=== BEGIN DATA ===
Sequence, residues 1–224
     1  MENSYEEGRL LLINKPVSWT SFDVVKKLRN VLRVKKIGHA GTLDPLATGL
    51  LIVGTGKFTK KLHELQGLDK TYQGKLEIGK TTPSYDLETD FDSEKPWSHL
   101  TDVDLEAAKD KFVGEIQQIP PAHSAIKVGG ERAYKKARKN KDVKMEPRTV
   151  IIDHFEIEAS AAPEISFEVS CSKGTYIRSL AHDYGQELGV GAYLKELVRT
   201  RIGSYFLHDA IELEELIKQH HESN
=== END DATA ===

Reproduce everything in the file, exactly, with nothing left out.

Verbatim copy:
Sequence, residues 1–224
     1  MENSYEEGRL LLINKPVSWT SFDVVKKLRN VLRVKKIGHA GTLDPLATGL
    51  LIVGTGKFTK KLHELQGLDK TYQGKLEIGK TTPSYDLETD FDSEKPWSHL
   101  TDVDLEAAKD KFVGEIQQIP PAHSAIKVGG ERAYKKARKN KDVKMEPRTV
   151  IIDHFEIEAS AAPEISFEVS CSKGTYIRSL AHDYGQELGV GAYLKELVRT
   201  RIGSYFLHDA IELEELIKQH HESN